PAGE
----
The opinion of the court was delivered by: KNOX
This is a complex action brought by Edward C. Rea, an individual, and a corporation of which he is the principal stockholder which acts as a Ford Motor Company Dealer in the sale and distribution of motor vehicles in Monroeville, Allegheny County, Pennsylvania. The defendant, Ford Motor Company, is a corporation of the State of Delaware with its principal place of business in the State of Michigan. The action is a diversity action as well as an action under the various anti-trust laws and under the Automobile Dealers Act (15 U.S.C. 1221, et seq.).
The case has been pending for upwards of four years during all of which time extensive discovery has been taking place, much of which was resisted by the defendant necessitating proceedings in the Eastern District of Michigan. Also, a controversy developed relative to discharge by plaintiff of his original counsel and controversy with respect to counsel's fees which has been recently resolved.
Early in the proceedings, the defendant took the position that plaintiff, Rea, did not have a sufficient memorandum in writing to satisfy the Pennsylvania Statute of Frauds (33 Purdon's Pa. Statutes 1); that all he had was an oral agreement which was denied by the defendant and insufficient facts were alleged to take the alleged contract out of the Statute of Frauds. For this reason, defendant claimed it was entitled to a partial summary judgment with respect to the second and seventh causes of action involving the conveyance of real estate. On July 21, 1967, the Honorable Rabe F. Marsh, now Chief Judge of this court, filed a Memorandum Opinion and Order which provided inter alia as follows:
"It is the opinion of this court that in the present state of the record, the defendant would be entitled to a summary judgment. When all facts are assumed in favor of the plaintiffs, all that is before the court is an oral agreement for an interest in land. Such agreement would be within the provisions of the Statute of Frauds and as such the agreement would have to be reduced to a writing to be enforceable. Thus, even if the court could reform the present lease, it would still be an oral agreement and as such unenforceable so that the court could not grant specific performance because to do so would be to enforce an oral agreement.
"This is fundamental law, but so too is it fundamental law that the writing needed can be a series of writings. Thus, since the period of discovery has been extended through mutual consent of the parties, it is the opinion of this court that the motion for summary judgment is premature.
"NOW, THEREFORE, this 21st day of July, 1967, IT IS ORDERED AND DIRECTED that Defendant's Motion for Partial Summary Judgment will be, and hereby is, denied without prejudice with leave to renew such a motion at a more appropriate time."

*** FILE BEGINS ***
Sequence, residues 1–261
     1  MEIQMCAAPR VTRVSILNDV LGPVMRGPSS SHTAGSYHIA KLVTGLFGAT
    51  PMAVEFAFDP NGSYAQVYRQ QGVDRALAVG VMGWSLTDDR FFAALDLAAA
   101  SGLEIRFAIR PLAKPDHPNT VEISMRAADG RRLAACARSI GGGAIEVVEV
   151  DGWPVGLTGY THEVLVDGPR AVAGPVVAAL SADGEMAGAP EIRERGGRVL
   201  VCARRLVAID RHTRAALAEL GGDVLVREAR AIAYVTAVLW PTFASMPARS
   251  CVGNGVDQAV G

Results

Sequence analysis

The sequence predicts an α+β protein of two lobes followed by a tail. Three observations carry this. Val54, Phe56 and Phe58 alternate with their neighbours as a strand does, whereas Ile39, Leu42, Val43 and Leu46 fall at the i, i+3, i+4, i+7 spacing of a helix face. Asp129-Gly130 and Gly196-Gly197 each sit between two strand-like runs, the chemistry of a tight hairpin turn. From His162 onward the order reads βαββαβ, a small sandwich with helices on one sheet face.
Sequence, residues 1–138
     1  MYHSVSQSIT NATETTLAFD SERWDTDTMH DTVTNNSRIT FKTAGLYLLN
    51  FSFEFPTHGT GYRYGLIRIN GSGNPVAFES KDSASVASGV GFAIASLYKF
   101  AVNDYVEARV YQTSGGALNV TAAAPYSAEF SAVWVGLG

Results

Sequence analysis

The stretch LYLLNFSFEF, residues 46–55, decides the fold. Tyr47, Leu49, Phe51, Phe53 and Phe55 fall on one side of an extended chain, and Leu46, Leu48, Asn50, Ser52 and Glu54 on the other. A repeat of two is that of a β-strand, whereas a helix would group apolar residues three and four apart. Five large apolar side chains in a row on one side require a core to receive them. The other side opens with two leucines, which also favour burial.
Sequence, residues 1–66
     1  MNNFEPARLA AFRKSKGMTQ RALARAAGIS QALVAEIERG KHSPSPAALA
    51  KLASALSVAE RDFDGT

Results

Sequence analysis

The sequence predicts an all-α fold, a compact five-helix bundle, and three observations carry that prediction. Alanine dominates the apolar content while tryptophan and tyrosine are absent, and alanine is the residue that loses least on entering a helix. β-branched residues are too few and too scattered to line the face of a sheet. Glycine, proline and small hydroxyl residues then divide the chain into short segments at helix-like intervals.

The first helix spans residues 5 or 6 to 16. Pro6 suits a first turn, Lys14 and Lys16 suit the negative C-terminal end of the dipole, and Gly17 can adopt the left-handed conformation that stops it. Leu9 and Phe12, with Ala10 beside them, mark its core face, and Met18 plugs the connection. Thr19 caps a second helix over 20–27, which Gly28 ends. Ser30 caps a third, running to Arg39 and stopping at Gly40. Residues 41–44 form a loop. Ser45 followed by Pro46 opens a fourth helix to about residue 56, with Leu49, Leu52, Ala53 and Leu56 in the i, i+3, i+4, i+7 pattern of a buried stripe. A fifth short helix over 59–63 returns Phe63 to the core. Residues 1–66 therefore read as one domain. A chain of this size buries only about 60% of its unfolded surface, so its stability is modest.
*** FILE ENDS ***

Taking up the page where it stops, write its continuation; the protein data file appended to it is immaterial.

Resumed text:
Defendant thereafter renewed its Motion for Partial Summary Judgment before the Honorable Herbert P. Sorg, District Judge, who on February 19, 1970, likewise entered an order which provided inter alia that the same be denied without prejudice to the right of the defendant to renew its motion upon completion of discovery.
A matter of procedure should be disposed of first. Plaintiff claims that this is not a proper case for partial summary judgment under the Rules of Civil Procedure. However, since there are separate claims or causes of action contained in this complaint, a summary judgment as to certain of these causes of action appears proper under Rule 56(b).
See also Rule 54(b) which provides for the entry of a final judgment as to one or more but fewer than all of the claims.
The court of appeals for this circuit has held that there should be no partial summary judgment for a portion of a single claim. See Coffman v. Fed. Laboratories, 171 F.2d 94 (3d cir. 1948); RePass v. Vreeland, 357 F.2d 801 (3d cir. 1966). The supreme court, however, has specifically held that a partial summary judgment covering one or more claims may be entered when the claims are entirely distinct. Reeves v. Beardall, 316 U.S. 283, 62 S. Ct. 1085, 86 L. Ed. 1478 (1942).
As previously pointed out, there are seven causes of action set forth in this complaint and while the claims of the plaintiffs with regard to this real estate may be in a certain sense intertwined in all the causes of action, nevertheless, it is our opinion that the claims for reformation of the option agreement for specific performance and lis pendens as set forth in the second and seventh causes of action are separate ...